Novel Review: King Kong

A brand new novelization of King Kong exists to support Peter Jackson’s epic remake, which will be hitting theatres soon. The original novelization has lapsed into public domain, however, and should be easy to find in the coming months. Delos W. Lovelace adapted it from Edgar Wallace and Merian C. Cooper’s screenplay, and it hit the stores in 1932, before the finished film appeared. The book can hardly be called great literature, but it nicely captures the spirit of the original film.

General Information

Title: King Kong

Author: Delos Lovelace et al

Original Publication Date: 1932

ISBN: 0-448-12788-1

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Maverick filmmaker Carl Denham sails off to a mysterious island with his crew, including adventurous Jack Driscoll and beautiful Ann Darrow. They encounter cliché island natives, prehistoric animals, and a gigantic ape.

High Points

Despite appearing before the final cut of the film, this novel captures the world of the original Kong beautifully. The movie and this novel reflect a late Victorian/early twentieth-century view of the exotic, the primitive, and the prehistoric. A noble tramp steamer can sail from New York and somehow find a lost island with dinosaurs, giant lizards, and outsized spiders. “Dinosaur” in this novel means anything resembling a brontosaurus; the triceratops are described as “something like a dinosaur.” Prehistoric creatures get called “mistakes” of nature, and behave like the savage, maladapted disasters they were popularly imagined to be. The island, covered in huge trees and overgrown undergrowth is the forest primeval on a vast scale. Kong is both an ancestral ape and something akin to a missing link, with a touch of humanity. Not all of this seems terribly enlightened today. Racism runs through the depiction of the Skull Islanders—- though it’s less severe than one might expect. We can regret aspects of this imaginary world and we should certainly note the flaws, but part of Kong’s success is that it recreates a pop-culture dream of a bygone age, a world glimpsed in old Hollywood movies, in Boy’s Own annuals, in Edgar Rice Burroughs’ Tarzan and Charles R. Knight‘s dinosaur paintings, in H. Rider Haggard yarns and missionary slide shows in the church basement and Disney’s original Adventureland.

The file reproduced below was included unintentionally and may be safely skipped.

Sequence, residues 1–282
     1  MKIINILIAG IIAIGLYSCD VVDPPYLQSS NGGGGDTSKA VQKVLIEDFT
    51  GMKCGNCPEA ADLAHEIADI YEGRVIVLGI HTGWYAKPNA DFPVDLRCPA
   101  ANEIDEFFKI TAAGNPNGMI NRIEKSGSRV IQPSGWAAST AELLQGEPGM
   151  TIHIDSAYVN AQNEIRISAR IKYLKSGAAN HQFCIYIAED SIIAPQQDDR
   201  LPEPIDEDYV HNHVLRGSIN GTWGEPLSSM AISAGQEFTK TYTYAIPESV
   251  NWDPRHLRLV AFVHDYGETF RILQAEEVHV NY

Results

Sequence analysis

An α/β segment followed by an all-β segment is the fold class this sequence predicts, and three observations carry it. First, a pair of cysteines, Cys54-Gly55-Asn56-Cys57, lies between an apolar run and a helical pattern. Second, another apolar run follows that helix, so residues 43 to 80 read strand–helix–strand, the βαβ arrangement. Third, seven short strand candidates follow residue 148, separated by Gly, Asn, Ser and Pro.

Low Point:

It’s difficult to find fault with a novel that understands entirely what it is—- and that isn’t literature. King Kong features many clichés, and they often work. They become excessive, even for this novel, in the descriptions of the crowds at Kong’s New York debut.

The Scores

Originality: 2/6 It’s a close adaptation of a screenplay, though the screenplay was original for its time. As it was written from an earlier draft of the screenplay, it contains some discrepancies with the film. The famous lost spider sequence appears, but the late-addition subway train attack does not. Denham and crew sail on the Wanderer, which the film later renamed the Venture.

Story: 5/6.

Characterization: 2/6. The novel features very little depth of characterization. Darrow and Driscoll behave with remarkable calm in the face of harrowing circumstances. No one much mourns their lost comrades, but that’s hardly surprising; those lost comrades have as much personality as Trek’s Red Shirts.

Imagery: 4/6. Lovelace relies on clichés in New York as much as he does in the jungle, but he evokes the story’s stylized world memorably. The descriptions of Ann contain flashes of cheesy eroticism.

Emotional Response: 3/6. Gee Whiz!

Editing: 4/6. Lovelace was a competent pulp writer of an era, good enough that he remains readable. If he had not been hired to write the Kong novel, however, I doubt he would be remembered today.

Overall Score: 4/6. If you enjoy the film or any of its remakes, this may prove a fun read.

In total, King Kong receives 24/42

Additional Comments

In addition to making his three-hour version of the classic film, Peter Jackson has also been overseeing features connected with its eventual DVD release and the DVD rerelease of the original film. This includes a recreation of the lost “spider” scene (cut and presumed destroyed, but present in the novelization), using 1933 techniques.

Information on print adaptations of King Kong appears here.